Here’s what I’ve been stewing about for the past few weeks. Why is it that organic farmers or producer organizations (and random celebrities, but that’s another post) vilify conventional agriculture? Ever notice that conventional-management farmers don’t do the same? Case in point: I’m sure by now you’ve heard or read about the completely de-bunked GMO/lab rat study. This study is one speaker’s topic at an upcoming organic conference to be held in Saskatoon next month. According to the agenda, a researcher is going to stand up and point to a (hopelessly flawed) study and say that conventional producers are poisoning waterways and causing cancer.
That’s one very serious accusation. Does it matter that the study holds no scientific merit? Apparently not.
To turn it around, though, do conventional farmers host speakers attacking organic agriculture? And don’t tell me there aren’t practices in organic production that stray from “beneficial management practices” — tillage is just one topic, off the top of my head, that some would argue is less than ideal.
I recognize that conventional agriculture is the “norm” and organic production is the niche here, but why can’t farmers and farm groups respect that there are different ways to produce food? Why the need to attack conventional practices? Why is anything deemed “organic” insulated from criticism?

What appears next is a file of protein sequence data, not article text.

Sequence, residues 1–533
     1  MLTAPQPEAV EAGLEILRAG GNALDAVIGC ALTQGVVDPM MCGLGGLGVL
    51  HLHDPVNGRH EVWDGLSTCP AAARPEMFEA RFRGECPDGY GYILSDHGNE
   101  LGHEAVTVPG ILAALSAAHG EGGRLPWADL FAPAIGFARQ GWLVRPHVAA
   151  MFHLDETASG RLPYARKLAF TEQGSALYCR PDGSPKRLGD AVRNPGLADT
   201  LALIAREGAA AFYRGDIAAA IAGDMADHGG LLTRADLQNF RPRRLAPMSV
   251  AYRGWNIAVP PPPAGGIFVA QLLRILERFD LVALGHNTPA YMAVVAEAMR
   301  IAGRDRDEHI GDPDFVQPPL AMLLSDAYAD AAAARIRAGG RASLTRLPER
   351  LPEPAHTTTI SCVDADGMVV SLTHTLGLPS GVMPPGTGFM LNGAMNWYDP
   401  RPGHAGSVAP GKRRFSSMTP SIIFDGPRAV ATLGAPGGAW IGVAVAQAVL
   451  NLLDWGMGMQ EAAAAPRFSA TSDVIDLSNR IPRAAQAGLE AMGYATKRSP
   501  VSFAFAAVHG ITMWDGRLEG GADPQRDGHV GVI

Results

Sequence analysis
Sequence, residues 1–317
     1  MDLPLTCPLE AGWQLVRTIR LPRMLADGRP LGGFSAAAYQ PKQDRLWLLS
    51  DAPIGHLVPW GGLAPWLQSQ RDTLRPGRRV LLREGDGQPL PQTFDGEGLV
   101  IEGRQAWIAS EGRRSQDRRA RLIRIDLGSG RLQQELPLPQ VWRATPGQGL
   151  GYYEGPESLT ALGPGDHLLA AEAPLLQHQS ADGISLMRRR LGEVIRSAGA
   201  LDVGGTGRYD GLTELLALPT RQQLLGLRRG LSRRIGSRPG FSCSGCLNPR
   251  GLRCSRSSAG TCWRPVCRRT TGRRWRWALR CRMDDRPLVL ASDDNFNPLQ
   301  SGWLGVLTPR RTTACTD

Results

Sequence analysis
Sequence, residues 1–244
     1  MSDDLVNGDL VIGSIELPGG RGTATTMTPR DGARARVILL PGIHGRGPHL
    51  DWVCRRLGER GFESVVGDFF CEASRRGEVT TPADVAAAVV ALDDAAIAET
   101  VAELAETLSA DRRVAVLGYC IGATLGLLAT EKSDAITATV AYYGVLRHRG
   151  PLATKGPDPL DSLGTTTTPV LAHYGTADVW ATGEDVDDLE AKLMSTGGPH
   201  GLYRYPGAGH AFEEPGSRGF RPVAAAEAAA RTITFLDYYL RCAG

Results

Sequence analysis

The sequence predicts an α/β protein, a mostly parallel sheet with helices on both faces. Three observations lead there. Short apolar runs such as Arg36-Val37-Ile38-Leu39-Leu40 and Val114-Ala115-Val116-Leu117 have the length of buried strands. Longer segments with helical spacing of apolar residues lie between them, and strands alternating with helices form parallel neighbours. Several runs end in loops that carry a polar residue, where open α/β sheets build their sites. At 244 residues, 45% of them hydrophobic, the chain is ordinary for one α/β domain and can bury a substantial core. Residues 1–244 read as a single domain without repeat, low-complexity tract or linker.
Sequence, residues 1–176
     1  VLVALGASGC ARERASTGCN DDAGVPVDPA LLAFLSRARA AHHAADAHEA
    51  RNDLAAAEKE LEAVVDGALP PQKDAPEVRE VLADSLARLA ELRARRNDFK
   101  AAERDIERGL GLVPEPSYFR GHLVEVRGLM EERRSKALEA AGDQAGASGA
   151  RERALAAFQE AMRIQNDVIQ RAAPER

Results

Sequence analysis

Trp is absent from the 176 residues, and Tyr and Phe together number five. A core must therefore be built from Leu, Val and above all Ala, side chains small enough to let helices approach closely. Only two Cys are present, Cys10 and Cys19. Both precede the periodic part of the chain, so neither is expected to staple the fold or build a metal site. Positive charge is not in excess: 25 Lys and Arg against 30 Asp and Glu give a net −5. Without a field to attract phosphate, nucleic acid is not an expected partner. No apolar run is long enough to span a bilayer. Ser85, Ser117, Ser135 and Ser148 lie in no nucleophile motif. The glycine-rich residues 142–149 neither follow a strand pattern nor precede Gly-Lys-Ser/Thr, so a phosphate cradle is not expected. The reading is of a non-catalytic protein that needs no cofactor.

The sticking point for me is this: farmers, regardless of management system or geography, have far more in common than they have differences. What’s more, producing high quality, safe food in a profitable way is the goal of both conventional and organic agriculture. The very real threats of urbanization, trade barriers, high land prices and an aging peer group, to name just a few, are a large enough challenge, thank you very much, for the industry to tackle. Why add in-fighting and finger pointing to the mix?
I, for one, am supportive of a vibrant organic industry. I also think supporting local farmers is a great idea. Grass-fed beef is tasty and so is grain-fed beef. I buy my non-organic produce with no fear for my family’s health. I’m happy to have the choice between organic and not, local or imported, and I’m pleased that some farmers are making a good living serving niche markets or, for that matter, non-niche markets. Why is all of this so hard for some to accept?
Let’s stop trying to one-up and out-do each other and, instead, recognize there is more than one way to produce a crop or cow or egg or turkey. And then let’s all work together to share the story of where food comes from, no matter which path it took.